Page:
Classic Short Stories JOLT - Journal of Online Learning and Teaching Read book online: Literature books,novels,short stories,fiction,non-fiction, poems,essays,plays,Pulitzer prize, Nobel prize Plagiarism What this handout is about This handout explains what plagiarism is and outlines steps students can follow to avoid plagiarizing. What is plagiarism? At UNC, plagiarism is defined as “the deliberate or reckless representation of another’s words, thoughts, or ideas as one’s own without attribution in connection with submission of academic work, whether graded or otherwise.” (Instrument of Student Judicial Governance, Section II.B.1.). Because it is considered a form of cheating, the Office of the Dean of Students can punish students who plagiarize with course failure and suspension. Why are my instructors so concerned about plagiarism? In order to understand plagiarism, it helps to understand the process of sharing and creating ideas in the university. Show that you have a clear understanding of the material you’ve read.Refer to your sources to support the ideas you have developed.Distinguish your analysis of what you’ve read from the authors’ analyses. What about “common knowledge”? Kate L.
short stories at east of the web A game of Scrabble has serious consequences. - Length: 4 pages - Age Rating: PG - Genre: Crime, Humor A semi-barbaric king devises a semi-barabaric (but entirely fair) method of criminal trial involving two doors, a beautiful lady and a very hungry tiger. - Length: 7 pages - Genre: Fiction, Humor Sandra performed her little charade in front of the mirror and morphed into the Gisela character on a whim. - Length: 20 pages - Genre: Once upon a time, in a small village snuggled into the side of a wooded valley, lived a candlemaker. - Length: 9 pages - Age Rating: U - Genre: Children Jack Scrimshaw. - Length: 17 pages - Age Rating: 15 Here in Saint Lizard, the one road starts on the cliff by the lighthouse and crawls in circles down to the sea. - Length: 11 pages - Genre: Fiction For the first time, Becca truly realised that grown-ups couldn’t see magic. - Length: 10 pages - Genre: Horror “We left the map behind,” said Annie as they were five hours away from Anstruther, pulling into their own driveway.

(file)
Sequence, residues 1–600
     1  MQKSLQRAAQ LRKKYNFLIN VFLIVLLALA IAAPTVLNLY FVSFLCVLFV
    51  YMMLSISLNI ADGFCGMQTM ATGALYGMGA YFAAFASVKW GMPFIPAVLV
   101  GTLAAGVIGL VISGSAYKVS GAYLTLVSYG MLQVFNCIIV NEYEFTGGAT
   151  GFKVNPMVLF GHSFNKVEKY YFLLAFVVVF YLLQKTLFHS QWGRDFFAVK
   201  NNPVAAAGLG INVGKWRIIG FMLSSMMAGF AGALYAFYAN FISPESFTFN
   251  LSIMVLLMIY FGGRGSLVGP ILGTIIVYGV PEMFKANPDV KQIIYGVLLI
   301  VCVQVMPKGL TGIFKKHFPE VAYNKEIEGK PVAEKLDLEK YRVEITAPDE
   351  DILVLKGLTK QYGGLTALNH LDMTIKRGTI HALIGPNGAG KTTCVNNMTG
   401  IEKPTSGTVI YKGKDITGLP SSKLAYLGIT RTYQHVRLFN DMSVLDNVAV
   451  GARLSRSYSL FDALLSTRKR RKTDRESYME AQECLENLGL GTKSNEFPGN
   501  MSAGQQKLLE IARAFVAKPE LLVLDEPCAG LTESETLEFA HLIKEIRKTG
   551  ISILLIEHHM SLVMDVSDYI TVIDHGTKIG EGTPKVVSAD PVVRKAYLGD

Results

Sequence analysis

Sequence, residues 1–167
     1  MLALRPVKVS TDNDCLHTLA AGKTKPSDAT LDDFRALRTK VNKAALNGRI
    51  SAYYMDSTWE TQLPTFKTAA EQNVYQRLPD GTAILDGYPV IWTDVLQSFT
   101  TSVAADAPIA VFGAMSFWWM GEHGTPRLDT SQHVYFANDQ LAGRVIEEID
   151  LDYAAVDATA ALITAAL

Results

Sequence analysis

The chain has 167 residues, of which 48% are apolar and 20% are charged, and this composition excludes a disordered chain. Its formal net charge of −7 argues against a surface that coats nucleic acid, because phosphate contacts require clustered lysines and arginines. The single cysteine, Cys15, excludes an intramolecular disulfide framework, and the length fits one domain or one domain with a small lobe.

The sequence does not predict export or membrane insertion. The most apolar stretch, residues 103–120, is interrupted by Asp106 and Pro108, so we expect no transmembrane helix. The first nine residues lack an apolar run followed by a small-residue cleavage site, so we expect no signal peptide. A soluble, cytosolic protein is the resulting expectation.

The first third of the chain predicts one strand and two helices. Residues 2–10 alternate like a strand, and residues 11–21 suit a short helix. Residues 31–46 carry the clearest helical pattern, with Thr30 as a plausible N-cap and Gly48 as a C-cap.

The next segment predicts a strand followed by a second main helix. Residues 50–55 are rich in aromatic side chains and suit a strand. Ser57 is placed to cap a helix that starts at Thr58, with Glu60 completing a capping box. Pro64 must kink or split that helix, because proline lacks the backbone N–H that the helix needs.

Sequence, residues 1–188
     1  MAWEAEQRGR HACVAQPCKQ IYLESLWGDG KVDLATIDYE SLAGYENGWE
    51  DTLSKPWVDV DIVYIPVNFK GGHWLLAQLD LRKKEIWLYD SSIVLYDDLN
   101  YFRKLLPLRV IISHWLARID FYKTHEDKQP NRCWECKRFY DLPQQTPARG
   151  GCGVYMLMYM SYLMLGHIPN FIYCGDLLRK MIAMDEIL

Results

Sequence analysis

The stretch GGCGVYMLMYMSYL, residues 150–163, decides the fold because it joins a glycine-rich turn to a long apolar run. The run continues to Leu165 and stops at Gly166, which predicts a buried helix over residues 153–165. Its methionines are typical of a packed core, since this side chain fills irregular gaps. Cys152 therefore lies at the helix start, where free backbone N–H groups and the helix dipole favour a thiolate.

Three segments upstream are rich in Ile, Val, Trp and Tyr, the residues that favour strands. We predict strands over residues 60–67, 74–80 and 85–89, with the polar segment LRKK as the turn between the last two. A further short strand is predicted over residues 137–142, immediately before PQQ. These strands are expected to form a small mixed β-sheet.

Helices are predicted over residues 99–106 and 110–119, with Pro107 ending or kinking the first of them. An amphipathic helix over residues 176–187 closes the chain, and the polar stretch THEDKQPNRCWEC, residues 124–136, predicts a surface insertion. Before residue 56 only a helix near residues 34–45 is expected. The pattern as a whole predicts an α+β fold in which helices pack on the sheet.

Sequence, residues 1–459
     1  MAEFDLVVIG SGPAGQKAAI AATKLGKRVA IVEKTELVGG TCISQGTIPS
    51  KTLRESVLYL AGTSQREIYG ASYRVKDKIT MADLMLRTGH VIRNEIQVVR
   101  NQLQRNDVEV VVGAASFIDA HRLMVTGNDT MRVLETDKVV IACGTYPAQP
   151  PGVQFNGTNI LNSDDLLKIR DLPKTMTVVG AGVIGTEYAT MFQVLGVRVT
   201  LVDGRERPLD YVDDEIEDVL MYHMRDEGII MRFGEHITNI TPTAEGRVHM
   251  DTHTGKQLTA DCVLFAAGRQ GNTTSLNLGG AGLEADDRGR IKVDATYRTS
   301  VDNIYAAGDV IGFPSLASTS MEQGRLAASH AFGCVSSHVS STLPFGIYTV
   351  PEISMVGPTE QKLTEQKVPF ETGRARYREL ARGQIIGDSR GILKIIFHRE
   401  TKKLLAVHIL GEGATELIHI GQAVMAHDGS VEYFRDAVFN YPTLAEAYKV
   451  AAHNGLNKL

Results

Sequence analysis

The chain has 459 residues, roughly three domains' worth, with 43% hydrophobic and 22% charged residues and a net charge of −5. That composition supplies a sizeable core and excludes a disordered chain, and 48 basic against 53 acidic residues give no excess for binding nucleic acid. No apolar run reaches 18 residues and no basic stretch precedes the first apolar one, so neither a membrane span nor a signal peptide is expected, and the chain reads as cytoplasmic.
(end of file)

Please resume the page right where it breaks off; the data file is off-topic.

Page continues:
What is Plagiarism? — Plagiarism.org - Best Practices for Ensuring Originality in Written Work Many people think of plagiarism as copying another's work or borrowing someone else's original ideas. But terms like "copying" and "borrowing" can disguise the seriousness of the offense: According to the Merriam-Webster Online Dictionary, to "plagiarize" means to steal and pass off (the ideas or words of another) as one's ownto use (another's production) without crediting the sourceto commit literary theftto present as new and original an idea or product derived from an existing source In other words, plagiarism is an act of fraud. But can words and ideas really be stolen? According to U.S. law, the answer is yes. All of the following are considered plagiarism: Most cases of plagiarism can be avoided, however, by citing sources. What about images, videos, and music? Using an image, video or piece of music in a work you have produced without receiving proper permission or providing appropriate citation is plagiarism.